How Do You Avoid Contesting A Will?
Alex was patriarch of a large family. They had gone through some tough times. His sons and daughters were not close to each other and only one of them, Roslyn, took care of Alex. At age 93, he decided to revise his Will to disinherit all his children except Roslyn. He was concerned, though, that the disinherited children would enter into a Will contest to get what they thought they deserved.
Follow The Law
When writing a Will that you fear may be contested, make sure your Will complies with state law. For example, in Arizona you must be over the age of 18 – not a problem for Alex. Your Will must be in writing, like a printed document. A handwritten Will may be valid if the parts of the Will that name beneficiaries and gifts are in the testator’s handwriting.
Wills should be signed by the testator or by someone at his or her direction. Witnesses must observe the testator and each other signing the Will.
Leaving an invalid Will is the same as leaving no Will at all.
Avoid Undue Influence Claims
An old or infirm person who writes their Will should do so independently and without the assistance of any caregivers. This is especially true if the caregiver is a family member or someone who benefits from the Will. An undue influence claim could crop up in a Will contest.
In Alex’s case, his daughter cared for him and was going to be the sole beneficiary of his estate. As he prepares his estate plan, he should do so without her help. Some even recommend that the testator be driven to and from their attorney’s office by someone who has no interest in their estate. In addition, he could have someone videotape the Will signing to prove his state of mind.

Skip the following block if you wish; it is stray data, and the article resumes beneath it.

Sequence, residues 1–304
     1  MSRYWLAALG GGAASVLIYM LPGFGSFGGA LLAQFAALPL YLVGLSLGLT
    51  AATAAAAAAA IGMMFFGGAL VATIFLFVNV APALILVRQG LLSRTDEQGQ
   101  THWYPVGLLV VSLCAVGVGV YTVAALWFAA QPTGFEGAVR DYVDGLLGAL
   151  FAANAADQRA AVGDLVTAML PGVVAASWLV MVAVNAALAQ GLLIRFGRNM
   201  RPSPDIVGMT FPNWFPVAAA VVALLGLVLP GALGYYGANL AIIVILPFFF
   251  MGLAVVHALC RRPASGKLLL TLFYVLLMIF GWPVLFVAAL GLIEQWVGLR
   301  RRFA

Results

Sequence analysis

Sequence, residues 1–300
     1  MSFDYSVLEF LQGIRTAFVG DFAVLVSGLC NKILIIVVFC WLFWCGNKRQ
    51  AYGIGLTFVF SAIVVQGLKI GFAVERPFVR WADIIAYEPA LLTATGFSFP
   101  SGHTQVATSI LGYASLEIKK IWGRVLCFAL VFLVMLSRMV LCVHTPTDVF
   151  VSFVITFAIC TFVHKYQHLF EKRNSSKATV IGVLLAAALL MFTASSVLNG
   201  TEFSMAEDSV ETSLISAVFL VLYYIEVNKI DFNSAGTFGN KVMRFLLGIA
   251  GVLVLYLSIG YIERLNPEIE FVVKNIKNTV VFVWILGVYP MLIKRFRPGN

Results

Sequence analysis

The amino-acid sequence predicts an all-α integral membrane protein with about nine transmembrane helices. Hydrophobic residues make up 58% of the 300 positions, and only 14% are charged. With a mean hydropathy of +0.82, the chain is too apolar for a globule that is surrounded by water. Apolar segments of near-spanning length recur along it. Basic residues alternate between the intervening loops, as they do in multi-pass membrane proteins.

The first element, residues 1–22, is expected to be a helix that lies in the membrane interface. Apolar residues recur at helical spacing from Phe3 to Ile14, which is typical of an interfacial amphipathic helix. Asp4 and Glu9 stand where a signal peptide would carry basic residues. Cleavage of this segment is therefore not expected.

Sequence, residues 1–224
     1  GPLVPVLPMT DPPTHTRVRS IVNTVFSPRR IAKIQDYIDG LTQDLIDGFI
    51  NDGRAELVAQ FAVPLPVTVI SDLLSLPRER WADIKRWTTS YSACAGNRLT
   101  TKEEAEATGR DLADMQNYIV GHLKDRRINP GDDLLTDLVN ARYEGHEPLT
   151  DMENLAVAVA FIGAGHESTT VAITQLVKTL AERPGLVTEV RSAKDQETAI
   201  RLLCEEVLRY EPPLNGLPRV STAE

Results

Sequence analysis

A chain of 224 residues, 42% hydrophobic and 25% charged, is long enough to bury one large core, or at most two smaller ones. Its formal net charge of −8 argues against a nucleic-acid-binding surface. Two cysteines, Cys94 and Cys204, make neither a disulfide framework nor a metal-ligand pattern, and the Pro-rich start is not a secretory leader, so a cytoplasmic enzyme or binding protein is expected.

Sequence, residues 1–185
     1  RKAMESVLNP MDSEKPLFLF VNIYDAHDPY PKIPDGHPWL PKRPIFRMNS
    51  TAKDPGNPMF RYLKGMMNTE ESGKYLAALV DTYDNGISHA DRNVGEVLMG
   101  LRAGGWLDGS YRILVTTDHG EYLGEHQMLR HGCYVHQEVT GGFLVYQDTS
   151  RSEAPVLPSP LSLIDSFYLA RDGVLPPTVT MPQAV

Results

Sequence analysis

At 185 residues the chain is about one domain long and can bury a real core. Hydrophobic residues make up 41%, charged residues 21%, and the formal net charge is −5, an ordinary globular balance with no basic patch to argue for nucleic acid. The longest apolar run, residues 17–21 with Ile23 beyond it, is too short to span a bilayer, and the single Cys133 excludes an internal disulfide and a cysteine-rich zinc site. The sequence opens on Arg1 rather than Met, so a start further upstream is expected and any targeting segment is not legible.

A Provision That Might Help
Some Wills include a “no-contest” clause to prevent or limit Will contests by removing the inheritance of the person contesting the Will. To give this provision teeth, the testator should give people small bequests that they won’t want to lose by filing a frivolous claim against the estate.
However, in Arizona, this type of provision is unenforceable if probable cause exists for the Will contest.
For example, if Alex didn’t understand why he was signing a Will or could not identify his beneficiaries or bounty, his family could reasonably claim that he was not competent when he signed. However, if Alex appeared competent when he signed his Will, the no-contest clause would be enforceable.
Make Your Wishes Known.
One last tip for avoiding a Will contest: don’t wait to prepare your estate plan. Also, review and update them regularly. Beyond a certain age, disgruntled heirs may try to claim that you were not competent to make important decisions.
At Keystone Law, we know that estate plans should help you in all areas of your life. Our attorneys help clients like you decide how to develop a personal estate plan. Call us at (480) 418-8448. We offer services for clients throughout Arizona, including Chandler, Gilbert, Sun Lakes, Tempe, Phoenix, Mesa, Scottsdale, and Apache Junction.